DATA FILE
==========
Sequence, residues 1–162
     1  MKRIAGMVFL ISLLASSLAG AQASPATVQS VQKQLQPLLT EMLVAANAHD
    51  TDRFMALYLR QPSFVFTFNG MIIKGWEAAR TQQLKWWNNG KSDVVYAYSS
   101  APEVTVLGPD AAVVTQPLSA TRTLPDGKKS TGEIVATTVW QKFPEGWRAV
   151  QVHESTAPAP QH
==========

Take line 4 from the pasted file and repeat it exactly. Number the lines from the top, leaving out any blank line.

   101  APEVTVLGPD AAVVTQPLSA TRTLPDGKKS TGEIVATTVW QKFPEGWRAV